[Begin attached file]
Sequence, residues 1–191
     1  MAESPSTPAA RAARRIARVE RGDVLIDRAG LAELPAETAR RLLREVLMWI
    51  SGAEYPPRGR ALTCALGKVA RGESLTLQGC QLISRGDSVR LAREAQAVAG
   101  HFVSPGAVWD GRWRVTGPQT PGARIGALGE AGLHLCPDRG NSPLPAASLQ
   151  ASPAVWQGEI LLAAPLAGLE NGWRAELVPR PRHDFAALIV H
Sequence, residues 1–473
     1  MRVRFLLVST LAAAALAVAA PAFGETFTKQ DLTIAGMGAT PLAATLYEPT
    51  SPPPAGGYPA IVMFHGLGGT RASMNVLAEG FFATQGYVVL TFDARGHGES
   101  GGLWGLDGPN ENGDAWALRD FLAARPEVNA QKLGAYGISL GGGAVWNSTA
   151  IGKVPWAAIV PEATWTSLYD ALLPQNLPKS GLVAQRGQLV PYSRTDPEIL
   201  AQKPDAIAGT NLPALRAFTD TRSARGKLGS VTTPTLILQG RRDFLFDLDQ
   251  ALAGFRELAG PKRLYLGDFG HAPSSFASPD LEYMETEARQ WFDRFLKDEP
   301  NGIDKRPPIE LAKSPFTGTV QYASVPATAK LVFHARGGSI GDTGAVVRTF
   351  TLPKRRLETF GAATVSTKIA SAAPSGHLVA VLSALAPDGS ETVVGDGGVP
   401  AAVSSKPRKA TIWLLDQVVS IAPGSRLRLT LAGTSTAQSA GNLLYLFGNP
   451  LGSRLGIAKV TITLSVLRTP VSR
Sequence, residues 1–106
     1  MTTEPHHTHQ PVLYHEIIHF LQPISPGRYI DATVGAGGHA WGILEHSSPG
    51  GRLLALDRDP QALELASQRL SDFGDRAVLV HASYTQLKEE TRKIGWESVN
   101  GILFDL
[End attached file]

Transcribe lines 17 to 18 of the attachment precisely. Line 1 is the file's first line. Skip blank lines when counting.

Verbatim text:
Sequence, residues 1–106
     1  MTTEPHHTHQ PVLYHEIIHF LQPISPGRYI DATVGAGGHA WGILEHSSPG